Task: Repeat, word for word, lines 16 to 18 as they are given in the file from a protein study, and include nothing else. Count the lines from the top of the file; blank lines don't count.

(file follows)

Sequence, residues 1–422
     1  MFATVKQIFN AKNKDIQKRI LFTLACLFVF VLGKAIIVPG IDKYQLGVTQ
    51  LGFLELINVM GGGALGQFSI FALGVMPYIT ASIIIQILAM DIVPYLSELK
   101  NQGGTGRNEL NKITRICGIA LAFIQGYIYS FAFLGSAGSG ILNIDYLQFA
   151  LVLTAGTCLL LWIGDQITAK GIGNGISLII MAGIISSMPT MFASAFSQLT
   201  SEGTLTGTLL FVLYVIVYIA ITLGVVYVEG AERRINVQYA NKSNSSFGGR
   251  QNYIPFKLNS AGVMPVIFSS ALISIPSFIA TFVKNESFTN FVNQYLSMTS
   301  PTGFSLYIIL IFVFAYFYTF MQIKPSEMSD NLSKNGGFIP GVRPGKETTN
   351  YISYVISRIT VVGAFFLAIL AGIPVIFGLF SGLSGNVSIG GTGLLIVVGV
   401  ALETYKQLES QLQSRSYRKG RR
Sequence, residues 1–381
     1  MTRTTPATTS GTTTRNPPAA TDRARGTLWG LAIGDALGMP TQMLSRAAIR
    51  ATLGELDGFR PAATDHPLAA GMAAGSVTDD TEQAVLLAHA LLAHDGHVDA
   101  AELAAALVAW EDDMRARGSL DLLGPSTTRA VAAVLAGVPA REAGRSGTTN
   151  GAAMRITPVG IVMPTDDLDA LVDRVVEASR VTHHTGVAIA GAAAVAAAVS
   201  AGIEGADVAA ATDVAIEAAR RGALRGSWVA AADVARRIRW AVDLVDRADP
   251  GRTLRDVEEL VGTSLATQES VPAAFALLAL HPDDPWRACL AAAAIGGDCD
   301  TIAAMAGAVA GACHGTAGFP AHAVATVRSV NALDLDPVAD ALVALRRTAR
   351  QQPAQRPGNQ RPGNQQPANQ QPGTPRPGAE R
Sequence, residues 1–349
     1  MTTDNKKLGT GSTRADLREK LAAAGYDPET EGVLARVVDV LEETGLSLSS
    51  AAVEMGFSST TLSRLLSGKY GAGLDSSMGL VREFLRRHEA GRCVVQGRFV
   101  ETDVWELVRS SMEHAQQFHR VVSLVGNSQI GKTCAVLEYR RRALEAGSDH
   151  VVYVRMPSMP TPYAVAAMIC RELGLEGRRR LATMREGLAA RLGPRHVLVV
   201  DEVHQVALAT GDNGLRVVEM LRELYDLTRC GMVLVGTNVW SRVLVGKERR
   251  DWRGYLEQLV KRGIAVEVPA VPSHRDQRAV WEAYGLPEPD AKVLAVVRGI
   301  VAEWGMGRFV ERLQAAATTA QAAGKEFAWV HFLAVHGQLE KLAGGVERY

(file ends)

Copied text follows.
   201  AGIEGADVAA ATDVAIEAAR RGALRGSWVA AADVARRIRW AVDLVDRADP
   251  GRTLRDVEEL VGTSLATQES VPAAFALLAL HPDDPWRACL AAAAIGGDCD
   301  TIAAMAGAVA GACHGTAGFP AHAVATVRSV NALDLDPVAD ALVALRRTAR